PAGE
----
The Essential Terror Books
Curtis, Bryan, Summers, Nick, Newsweek
Byline: Bryan Curtis and Nick Summers
Osama bin Laden is dead. These nine titles will help you understand his life.
The Osama bin Laden story has always been large, suited to book-length exploration. Born into fortune and a sprawling Saudi family, he found his ardent but undirected beliefs about Islam amplified by history, with the 1979 Soviet invasion of Afghanistan.
Bin Laden's zealotry both fueled and fed off increasing American involvement in the Middle East, with the attacks of September 11 just the crescendo in a career of terror that ended with his corpse, wanted by no nation on Earth, on the seabed of the Indian Ocean. If you are to fully understand bin Laden, your bookshelf must contain works of history, theology, geopolitics, and war.
THE LOOMING TOWER
Al-Qaeda and the Road to 9/11
by Lawrence Wright
The New Yorker writer's rich, meticulously constructed history of Al Qaeda and radical Islam.
Unforgettable: The story of John O'Neill, an FBI counterterror officer who feverishly tracked bin Laden before leaving the agency to take over security at the World Trade Center. O'Neill died there on 9/11.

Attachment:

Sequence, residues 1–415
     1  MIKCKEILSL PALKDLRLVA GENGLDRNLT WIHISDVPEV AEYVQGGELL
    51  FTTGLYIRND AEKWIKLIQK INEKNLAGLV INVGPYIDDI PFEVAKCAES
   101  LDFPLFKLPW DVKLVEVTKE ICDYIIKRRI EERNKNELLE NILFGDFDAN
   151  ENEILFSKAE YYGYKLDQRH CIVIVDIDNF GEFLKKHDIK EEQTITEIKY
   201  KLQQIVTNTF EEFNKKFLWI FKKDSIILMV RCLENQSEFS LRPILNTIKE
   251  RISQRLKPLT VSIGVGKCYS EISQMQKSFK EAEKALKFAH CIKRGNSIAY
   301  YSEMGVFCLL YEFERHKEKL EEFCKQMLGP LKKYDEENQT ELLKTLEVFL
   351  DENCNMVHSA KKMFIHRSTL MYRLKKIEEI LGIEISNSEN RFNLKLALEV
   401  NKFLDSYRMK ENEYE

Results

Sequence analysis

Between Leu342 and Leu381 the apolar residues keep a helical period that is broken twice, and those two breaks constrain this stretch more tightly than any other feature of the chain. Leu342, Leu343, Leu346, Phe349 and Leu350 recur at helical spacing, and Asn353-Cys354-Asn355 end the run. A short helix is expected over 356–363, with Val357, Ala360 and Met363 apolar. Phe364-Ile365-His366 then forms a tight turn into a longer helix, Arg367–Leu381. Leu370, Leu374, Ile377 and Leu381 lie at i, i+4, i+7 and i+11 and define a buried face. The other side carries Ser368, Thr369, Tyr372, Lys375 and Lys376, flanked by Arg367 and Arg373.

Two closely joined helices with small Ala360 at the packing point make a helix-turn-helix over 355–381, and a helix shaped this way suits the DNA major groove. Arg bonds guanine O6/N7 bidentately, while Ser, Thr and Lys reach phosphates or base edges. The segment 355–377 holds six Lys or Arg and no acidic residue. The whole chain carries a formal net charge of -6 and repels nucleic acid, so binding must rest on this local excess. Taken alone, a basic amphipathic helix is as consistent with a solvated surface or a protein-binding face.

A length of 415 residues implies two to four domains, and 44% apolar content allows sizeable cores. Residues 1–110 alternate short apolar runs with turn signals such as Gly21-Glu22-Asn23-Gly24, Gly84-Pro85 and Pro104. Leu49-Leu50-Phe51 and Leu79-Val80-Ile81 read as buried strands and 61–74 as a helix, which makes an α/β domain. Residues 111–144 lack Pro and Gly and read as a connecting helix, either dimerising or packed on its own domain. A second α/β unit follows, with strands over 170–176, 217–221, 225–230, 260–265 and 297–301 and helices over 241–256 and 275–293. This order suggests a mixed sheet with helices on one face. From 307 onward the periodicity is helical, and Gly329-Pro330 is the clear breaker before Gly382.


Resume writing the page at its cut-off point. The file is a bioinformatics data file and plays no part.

THE BIN LADENS
An Arabian Family in the American Century
by Steve Coll
A sprawling biography of the entire Saudi family--its Yemeni origins, vast wealth, Western ties, and deadly son.
Colorful character: Patriarch Mohammed bin Laden emerges as a rags-to-riches figure who made billions in construction and sired some 54 children before dying in an airplane crash.
The Secret History of the CIA, Afghanistan, and Bin Laden, From the Soviet Invasion to September 10, 2001
by Steve Coll
An exhaustively researched history of the CIA's involvement in Afghanistan in the years leading up to 9/11.
Scoop: Operational details from a clandestine agency plot to snatch bin Laden from a farm near Kandahar in 1998. Coll also writes revealingly of President Clinton's decision not to bomb bin Laden just before the 2000 election.
OSAMA BIN LADEN
by Michael Scheuer
Free Press, $28
A prickly, corrective biography by the former CIA officer who began pursuing bin Laden in 1996.
Bold stance: Taking issue with Coll and Wright, Scheuer argues that American writers had caricatured bin Laden after 9/11 as a "messianic individual of limited intelligence." Actually, Scheuer says, bin Laden was "pious, brave, generous, intelligent"--and, thus, until his death, extremely dangerous. Scheuer thought a realistic portrait would help the U.S. defeat the terrorist. "My intention is not to praise bin Laden," he writes, "but to help bury him."
THE 9/11 COMMISSION REPORT
W.W. Norton & Co., $10
A bipartisan federal panel produced this heavily footnoted account of the attacks on the World Trade Center and the Pentagon. …